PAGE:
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Couch potato investor saves on time and costs Add to ...

Kyle Prevost, 25


High-school teacher

The portfolio

A couch potato portfolio consisting of three exchange-traded funds (ETFs): Vanguard Total Stock Market, Vanguard MSCI Canada and Vanguard Total International Stock Market.

The investor

Mr. Prevost is one of the two bloggers behind MyUniversityMoney.com and YoungandThrifty.ca. He also is co-author of the book, More Money for Beer and Textbooks – A Financial Guide for Today’s Canadian Student.

How he invests

“While I am intrigued by certain small- and mid-cap value-based stock-picking strategies, I don’t yet have the leisure time needed to properly pursue those strategies,” Mr. Prevost says. “Consequently, being invested in broad-based indexes and being able to invest my capital in roughly 6,500 companies from around the world sounds like a pretty good deal to me.”

Beside the small amount of time required to manage his portfolio, Mr. Prevost likes the low cost. “With commission-free purchases and falling management fees in the ETF market, there has never been a better time to be a couch potato investor,” he declares.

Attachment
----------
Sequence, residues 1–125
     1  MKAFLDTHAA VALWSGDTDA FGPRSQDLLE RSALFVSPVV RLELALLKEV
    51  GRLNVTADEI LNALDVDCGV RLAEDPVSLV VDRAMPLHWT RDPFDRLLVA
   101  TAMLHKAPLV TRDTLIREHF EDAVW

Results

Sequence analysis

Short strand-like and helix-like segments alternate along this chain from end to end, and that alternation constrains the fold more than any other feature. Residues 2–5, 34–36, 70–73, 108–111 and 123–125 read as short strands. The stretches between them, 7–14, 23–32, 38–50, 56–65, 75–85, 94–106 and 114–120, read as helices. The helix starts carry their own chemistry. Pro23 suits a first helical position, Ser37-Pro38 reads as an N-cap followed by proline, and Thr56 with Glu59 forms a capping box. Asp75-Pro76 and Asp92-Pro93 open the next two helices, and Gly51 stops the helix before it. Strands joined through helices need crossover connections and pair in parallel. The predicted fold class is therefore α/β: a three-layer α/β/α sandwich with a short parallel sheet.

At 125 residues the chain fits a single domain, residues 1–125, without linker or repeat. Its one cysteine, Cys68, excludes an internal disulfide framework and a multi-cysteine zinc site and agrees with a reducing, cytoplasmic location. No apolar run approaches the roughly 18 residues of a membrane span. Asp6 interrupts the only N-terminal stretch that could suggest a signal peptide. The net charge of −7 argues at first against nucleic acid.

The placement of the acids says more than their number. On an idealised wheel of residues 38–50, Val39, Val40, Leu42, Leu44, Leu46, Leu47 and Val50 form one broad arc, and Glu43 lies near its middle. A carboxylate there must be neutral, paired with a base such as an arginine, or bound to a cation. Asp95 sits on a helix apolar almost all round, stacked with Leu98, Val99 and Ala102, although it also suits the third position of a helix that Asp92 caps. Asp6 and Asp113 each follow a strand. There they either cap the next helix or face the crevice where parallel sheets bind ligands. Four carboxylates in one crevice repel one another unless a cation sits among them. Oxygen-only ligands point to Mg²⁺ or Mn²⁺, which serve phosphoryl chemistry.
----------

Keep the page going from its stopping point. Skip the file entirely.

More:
Mutual funds don’t appeal to him. “I have yet to see a study that convinces me more than 2 per cent of mutual fund managers can beat their benchmark indexes over a substantial period of time.”

He considered hedging his exposure to the U.S. dollar by purchasing currency-hedged ETFs. But the Canadian dollar isn’t far from its historical highs against the U.S. dollar, and unlikely to appreciate much. So he did not see a need to hedge the currency risk.

Best move

It was reading dozens of books, studies and various blogs, and discovering that couch potato investing had a better foundation than stock-picking strategies and mutual funds.

Worst move

“Since I’m a dedicated couch potato investor with a relatively short investing history, it’s tough to have a true worst move.”


“I would advise investors to stay away from mutual funds no matter what commission-based advisers tell them. Finally, take a few hours to educate yourselves on investing basics, and if you need help, go with a fee-only financial adviser.”

Special to The Globe and Mail.

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